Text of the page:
Experimental studies for the thermo-physiochemical properties of Biodiesel and its blends and the performance of such fuels in a Compression Ignition Engine

Experimental studies for the thermo-physiochemical properties of Biodiesel and its blends and the... An experimental work was conducted to obtain an insight on the variation of fundamental thermo-physiochemical properties for a range of mixtures of red Diesel (referred to here as D100), and Biodiesel (referred to here as B100) and the performance of such blends in a Compression Ignition Engine (CIE). The results for some specific properties such as density and viscosity; water content, pour and cloud points for D100, B100 and blended fuels (referred to here as B10–B90, the numbers indicate the percentage of Biodiesel in the blend), strongly indicate that the resultant mixture is an ideal solution and display a linear increase with increasing the B100 percentage in the blend. The cetane number showed a linear variation between B10-B80 but high value for B90 and B100. Sulphur content decreases continuously with increasing the Biodiesel percentages in the blend while the acid content increases with increasing B100 ratio. All these results carries no controversial issues with previous related studies.The FTIR data obtained using gas analyser has shown that D100, B100 and fuels blends include a range of sub-hydrocarbons with Alkanes (CH) compounds as the main hydrocarbon. All Biodiesel blends has shown significant existence of Aldehydes (CO) and Ketones (COst). Nitro-compounds (NO2) exist in almost all fuels while Alcohols, ethers, acids and esters (CO) are mainly associated with B100 and its blends. Allowing more time for B100 and its blends, the FTIR data strongly indicate that chemical composition changes and water contents increases in B100 and its blends leading to instability issues.Using D100, B100 and 3 blends, mainly B25, B50 and B75 in a Diesel (CIE), the results showed that D100 releases higher rate of energy as expected compared to B100 and its blends. However the results showed that the blends burn more efficiently in the CIE used with the blend B75 producing the best engine efficiency and reasonably low fuel consumption. The emission data showed that the B100 and its blends produce less unburned hydrocarbon, CO,CO2 and NOx emission compared to D100. The better thermal and emission performance of the blends is most likely due to their balanced chemical composition as revealed by the FTIR spectra. The current work also indicates that blended fuels with higher ratio of B100 are recommended to use in CIEs to ensure efficient combustion. http://www.deepdyve.com/assets/images/DeepDyve-Logo-lg.png Fuel Elsevier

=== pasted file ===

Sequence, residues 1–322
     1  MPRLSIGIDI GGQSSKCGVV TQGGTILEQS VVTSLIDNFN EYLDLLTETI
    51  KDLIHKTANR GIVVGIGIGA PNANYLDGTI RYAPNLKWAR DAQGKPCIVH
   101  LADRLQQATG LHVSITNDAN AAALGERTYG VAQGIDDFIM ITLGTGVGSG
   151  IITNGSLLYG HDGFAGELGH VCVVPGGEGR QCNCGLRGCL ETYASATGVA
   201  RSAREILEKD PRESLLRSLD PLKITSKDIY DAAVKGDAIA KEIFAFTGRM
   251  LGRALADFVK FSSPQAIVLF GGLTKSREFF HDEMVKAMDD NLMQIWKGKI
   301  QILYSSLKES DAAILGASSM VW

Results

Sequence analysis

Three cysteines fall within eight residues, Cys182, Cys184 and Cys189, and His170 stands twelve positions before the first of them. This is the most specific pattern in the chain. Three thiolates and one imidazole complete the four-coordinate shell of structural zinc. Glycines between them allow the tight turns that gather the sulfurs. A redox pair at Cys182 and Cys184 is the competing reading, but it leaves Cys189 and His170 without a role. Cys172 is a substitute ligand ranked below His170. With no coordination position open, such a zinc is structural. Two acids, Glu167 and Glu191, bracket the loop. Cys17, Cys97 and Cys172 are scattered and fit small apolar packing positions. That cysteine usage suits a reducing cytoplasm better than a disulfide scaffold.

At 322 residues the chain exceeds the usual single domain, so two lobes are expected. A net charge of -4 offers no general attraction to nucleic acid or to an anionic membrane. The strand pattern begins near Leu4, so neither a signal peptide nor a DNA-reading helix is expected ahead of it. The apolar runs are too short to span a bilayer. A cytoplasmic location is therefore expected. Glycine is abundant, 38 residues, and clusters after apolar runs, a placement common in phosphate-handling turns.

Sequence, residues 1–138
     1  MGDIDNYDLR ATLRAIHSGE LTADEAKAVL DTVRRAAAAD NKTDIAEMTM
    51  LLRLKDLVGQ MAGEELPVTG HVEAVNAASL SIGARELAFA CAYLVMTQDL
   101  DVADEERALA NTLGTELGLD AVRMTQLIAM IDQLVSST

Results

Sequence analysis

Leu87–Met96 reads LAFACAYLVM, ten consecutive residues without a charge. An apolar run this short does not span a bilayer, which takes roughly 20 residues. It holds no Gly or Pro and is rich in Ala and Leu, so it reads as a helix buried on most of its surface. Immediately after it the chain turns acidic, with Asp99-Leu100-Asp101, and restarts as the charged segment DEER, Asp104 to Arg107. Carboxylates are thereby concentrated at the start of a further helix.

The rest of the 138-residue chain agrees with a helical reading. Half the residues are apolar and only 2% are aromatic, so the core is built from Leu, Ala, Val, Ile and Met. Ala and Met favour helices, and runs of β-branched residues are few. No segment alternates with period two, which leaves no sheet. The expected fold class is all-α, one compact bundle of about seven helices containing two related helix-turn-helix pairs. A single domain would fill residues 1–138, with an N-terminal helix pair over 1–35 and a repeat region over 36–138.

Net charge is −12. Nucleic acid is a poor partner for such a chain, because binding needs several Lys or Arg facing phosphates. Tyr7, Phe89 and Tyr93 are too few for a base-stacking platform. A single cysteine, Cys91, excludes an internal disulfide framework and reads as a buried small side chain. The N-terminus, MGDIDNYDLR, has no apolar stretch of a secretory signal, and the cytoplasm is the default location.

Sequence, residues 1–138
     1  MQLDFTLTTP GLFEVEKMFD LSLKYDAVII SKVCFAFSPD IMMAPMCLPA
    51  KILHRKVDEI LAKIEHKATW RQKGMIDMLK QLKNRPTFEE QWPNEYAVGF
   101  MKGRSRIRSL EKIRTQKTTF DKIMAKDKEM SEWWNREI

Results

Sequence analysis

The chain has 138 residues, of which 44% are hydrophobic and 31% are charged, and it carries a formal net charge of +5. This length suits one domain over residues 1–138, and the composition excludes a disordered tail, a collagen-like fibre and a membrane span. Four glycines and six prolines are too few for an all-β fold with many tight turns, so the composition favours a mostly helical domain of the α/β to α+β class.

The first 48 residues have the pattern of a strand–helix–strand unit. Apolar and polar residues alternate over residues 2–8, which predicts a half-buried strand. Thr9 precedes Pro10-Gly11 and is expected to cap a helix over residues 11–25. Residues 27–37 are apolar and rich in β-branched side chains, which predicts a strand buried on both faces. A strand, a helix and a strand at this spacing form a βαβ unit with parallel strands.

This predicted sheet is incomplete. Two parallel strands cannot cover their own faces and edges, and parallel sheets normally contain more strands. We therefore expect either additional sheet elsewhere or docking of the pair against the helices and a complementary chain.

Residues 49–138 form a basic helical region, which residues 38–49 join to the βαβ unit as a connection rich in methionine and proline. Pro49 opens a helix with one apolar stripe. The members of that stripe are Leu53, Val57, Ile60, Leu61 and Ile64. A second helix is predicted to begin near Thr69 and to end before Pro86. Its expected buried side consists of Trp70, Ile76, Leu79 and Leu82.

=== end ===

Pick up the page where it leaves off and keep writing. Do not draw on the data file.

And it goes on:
Experimental studies for the thermo-physiochemical properties of Biodiesel and its blends and the performance of such fuels in a Compression Ignition Engine

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Publisher
Elsevier
Copyright
Copyright © 2017 Elsevier Ltd
ISSN
0016-2361
D.O.I.
10.1016/j.fuel.2017.10.064
Publisher site
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Abstract

An experimental work was conducted to obtain an insight on the variation of fundamental thermo-physiochemical properties for a range of mixtures of red Diesel (referred to here as D100), and Biodiesel (referred to here as B100) and the performance of such blends in a Compression Ignition Engine (CIE). The results for some specific properties such as density and viscosity; water content, pour and cloud points for D100, B100 and blended fuels (referred to here as B10–B90, the numbers indicate the percentage of Biodiesel in the blend), strongly indicate that the resultant mixture is an ideal solution and display a linear increase with increasing the B100 percentage in the blend. The cetane number showed a linear variation between B10-B80 but high value for B90 and B100. Sulphur content decreases continuously with increasing the Biodiesel percentages in the blend while the acid content increases with increasing B100 ratio. All these results carries no controversial issues with previous related studies.The FTIR data obtained using gas analyser has shown that D100, B100 and fuels blends include a range of sub-hydrocarbons with Alkanes (CH) compounds as the main hydrocarbon. All Biodiesel blends has shown significant existence of Aldehydes (CO) and Ketones (COst). Nitro-compounds (NO2) exist in almost all fuels while Alcohols, ethers, acids and esters (CO) are mainly associated with B100 and its blends. Allowing more time for B100 and its blends, the FTIR data strongly indicate that chemical composition changes and water contents increases in B100 and its blends leading to instability issues.Using D100, B100 and 3 blends, mainly B25, B50 and B75 in a Diesel (CIE), the results showed that D100 releases higher rate of energy as expected compared to B100 and its blends. However the results showed that the blends burn more efficiently in the CIE used with the blend B75 producing the best engine efficiency and reasonably low fuel consumption. The emission data showed that the B100 and its blends produce less unburned hydrocarbon, CO,CO2 and NOx emission compared to D100. The better thermal and emission performance of the blends is most likely due to their balanced chemical composition as revealed by the FTIR spectra. The current work also indicates that blended fuels with higher ratio of B100 are recommended to use in CIEs to ensure efficient combustion.

Journal

FuelElsevier

Published: Jan 15, 2018

References

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